bose pt] is the same as [configure -verbose  {pass start}].

       -preservecore level
	      Sets  the  core  preservation  level to level.  This level determines how stringent
	      checks for core files are.  Default value is 0.  Levels are defined as:

	      0      No checking - do not check for core files at the end of each  test  command,
		     but do check for them in [runAllTests] after all test files have been evalu-
		     ated.

	      1      Also check for core files at the end of each [test] command.

	      2      Check for core files at all times described above, and save a copy  of  each
		     core file produced in [configure -tmpdir].

       -limitconstraints boolean
	      Sets  the  mode  by  which  [test]  honors constraints as described in TESTS above.
	      Default value is false.

       -constraints list
	      Sets all the constraints in list to true.  Also used in combination with [configure
	      -limitconstraints  true]	to control an alternative constraint mode as described in
	      TESTS above.  Default value is an empty list.

       -tmpdir directory
	      Sets the temporary directory to be used by [makeFile], [makeDirectory], [viewFile],
	      [removeFile],  and [removeDirectory] as the default directory where temporary files
	      and directories created by test files should be created.	Default value  is  [work-
	      ingDirectory].

       -testdir directory
	      Sets  the  directory  searched  by [runAllTests] for test files and subdirectories.
	      Default value is [workingDirectory].

       -file patternList
	      Sets the list of patterns used by [runAllTests] to determine  what  test	files  to
	      evaluate.  Default value is *.test.

       -notfile patternList
	      Sets  the  list  of  patterns used by [runAllTests] to determine what test files to
	      skip.  Default value is l.*.test, so that any SCCS lock files are skipped.

       -relateddir patternList
	      Sets the list of patterns used by [runAllTests] to determine what subdirectories to
	      search for an all.tcl file.  Default value is *.

       -asidefromdir patternList
	      Sets the list of patterns used by [runAllTests] to determine what subdirectories to
	      skip when searching for an all.tcl file.	Default value is an empty list.

       -match patternList
	      Set the list of patterns used by [test] to determine whether a test should be  run.
	      Default value is *.

       -skip patternList
	      Set  the	list  of  patterns  used  by [test] to determine whether a test should be
	      skipped.	Default value is an empty list.

       -load script
	      Sets a script to be evaluated by [loadTestedCommands].  Default value is	an  empty
	      script.

       -loadfile filename
	      Sets  the  filename  from which to read a script to be evaluated by [loadTestedCom-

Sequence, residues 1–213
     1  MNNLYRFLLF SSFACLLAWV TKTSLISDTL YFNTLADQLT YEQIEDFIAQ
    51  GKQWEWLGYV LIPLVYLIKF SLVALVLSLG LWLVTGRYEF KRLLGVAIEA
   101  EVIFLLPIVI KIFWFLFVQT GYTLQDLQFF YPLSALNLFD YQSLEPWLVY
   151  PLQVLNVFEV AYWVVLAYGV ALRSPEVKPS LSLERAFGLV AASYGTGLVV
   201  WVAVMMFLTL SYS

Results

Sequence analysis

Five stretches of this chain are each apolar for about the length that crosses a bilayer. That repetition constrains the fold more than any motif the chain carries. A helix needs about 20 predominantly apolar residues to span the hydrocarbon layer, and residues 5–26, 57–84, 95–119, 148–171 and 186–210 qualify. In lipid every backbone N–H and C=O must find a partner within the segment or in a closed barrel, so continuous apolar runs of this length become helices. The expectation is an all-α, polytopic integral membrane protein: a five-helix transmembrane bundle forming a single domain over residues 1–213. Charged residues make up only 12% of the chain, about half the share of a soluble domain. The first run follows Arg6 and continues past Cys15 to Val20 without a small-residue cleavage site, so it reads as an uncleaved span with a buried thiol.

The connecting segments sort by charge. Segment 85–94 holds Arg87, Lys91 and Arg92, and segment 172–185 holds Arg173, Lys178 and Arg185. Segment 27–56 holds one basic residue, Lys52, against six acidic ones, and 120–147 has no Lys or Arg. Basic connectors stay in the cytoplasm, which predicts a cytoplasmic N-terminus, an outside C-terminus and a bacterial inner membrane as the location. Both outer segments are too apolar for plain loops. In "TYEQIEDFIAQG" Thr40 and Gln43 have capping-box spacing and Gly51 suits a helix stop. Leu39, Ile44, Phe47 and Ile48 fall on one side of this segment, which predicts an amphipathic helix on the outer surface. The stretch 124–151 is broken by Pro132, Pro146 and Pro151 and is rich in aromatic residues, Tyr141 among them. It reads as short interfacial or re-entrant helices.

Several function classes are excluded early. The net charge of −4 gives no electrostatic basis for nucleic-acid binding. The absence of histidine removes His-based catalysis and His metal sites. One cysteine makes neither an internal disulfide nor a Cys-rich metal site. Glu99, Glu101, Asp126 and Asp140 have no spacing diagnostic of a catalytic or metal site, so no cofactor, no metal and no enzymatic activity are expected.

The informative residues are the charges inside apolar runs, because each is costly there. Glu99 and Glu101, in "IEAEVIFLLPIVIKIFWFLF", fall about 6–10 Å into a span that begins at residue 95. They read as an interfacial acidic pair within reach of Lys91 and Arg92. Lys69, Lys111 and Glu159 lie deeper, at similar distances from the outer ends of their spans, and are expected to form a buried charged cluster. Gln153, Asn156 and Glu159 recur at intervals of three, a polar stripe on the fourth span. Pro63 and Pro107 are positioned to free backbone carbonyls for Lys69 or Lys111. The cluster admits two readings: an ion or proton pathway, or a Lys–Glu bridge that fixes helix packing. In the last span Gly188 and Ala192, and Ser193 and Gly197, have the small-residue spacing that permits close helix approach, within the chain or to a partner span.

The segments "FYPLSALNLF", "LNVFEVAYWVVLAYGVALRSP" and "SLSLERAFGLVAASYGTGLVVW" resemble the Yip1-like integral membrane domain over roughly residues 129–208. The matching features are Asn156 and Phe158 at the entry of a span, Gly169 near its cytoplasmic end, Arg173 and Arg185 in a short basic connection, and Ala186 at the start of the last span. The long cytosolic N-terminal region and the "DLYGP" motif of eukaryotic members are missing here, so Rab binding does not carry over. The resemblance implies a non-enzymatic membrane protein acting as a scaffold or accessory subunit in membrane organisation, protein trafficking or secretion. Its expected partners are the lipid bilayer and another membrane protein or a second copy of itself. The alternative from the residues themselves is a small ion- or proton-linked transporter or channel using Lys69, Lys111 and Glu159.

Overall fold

mands].  This is an alternative to -load.  They cannot be used together.

       -outfile filename
	      Sets the file to which all output produced by tcltest should be  written.   A  file
	      named  filename will be [open]ed for writing, and the resulting channel will be set
	      as the value of [outputChannel].

       -errfile filename
	      Sets the file to which all error output produced by tcltest should be  written.	A
	      file named filename will be [open]ed for writing, and the resulting channel will be
	      set as the value of [errorChannel].

CREATING TEST SUITES WITH TCLTEST
       The fundamental element of a test suite is the individual [test] command.  We  begin  with
       several examples.

       [1]    Test of a script that returns normally.
	      test example-1.0 {normal return} {
		  format %s value
	      } value

       [2]    Test  of	a  script  that requires context setup and cleanup.  Note the bracing and
	      indenting style that avoids any need for line continuation.
	      test example-1.1 {test file existence} -setup {
		  set file [makeFile {} test]
	      } -body {
		  file exists $file
	      } -cleanup {
		  removeFile test
	      } -result 1

       [3]    Test of a script that raises an error.
	      test example-1.2 {error return} -body {
		  error message
	      } -returnCodes error -result message

       [4]    Test with a constraint.
	      test example-1.3 {user owns created files} -constraints {
		  unix
	      } -setup {
		  set file [makeFile {} test]
	      } -body {
		  file attributes $file -owner
	      } -cleanup {
		  removeFile test
	      } -result $::tcl_platform(user)

       At the next higher layer of organization, several [test] commands  are  gathered  together
       into  a	single test file.  Test files should have names with the .test extension, because
       that is the default pattern used by [runAllTests] to find test files.  It is a  good  rule
       of  thumb  to  have  one  test file for each source code file of your project.  It is good
       practice to edit the test file and the source code file together, keeping  tests  synchro-
       nized with code changes.

       Most  of the code in the test file should be the [test] commands.  Use constraints to skip
       tests, rather than conditional evaluation of [test].  That is, do this:

       [5]
	      testConstraint X [expr $myRequirement]
	      test goodConditionalTest {} X {
		  # body
	      } result
       and do not do this:

       [6]
	      if $myRequirement {
		  test badConditionalTest {} {
		#body
		  } result
	      }

       Use the -setup and -cleanup options to establish and release all context  requirements  of
       the  test  body.   Do not make tests depend on prior tests in the file.	Those prior tests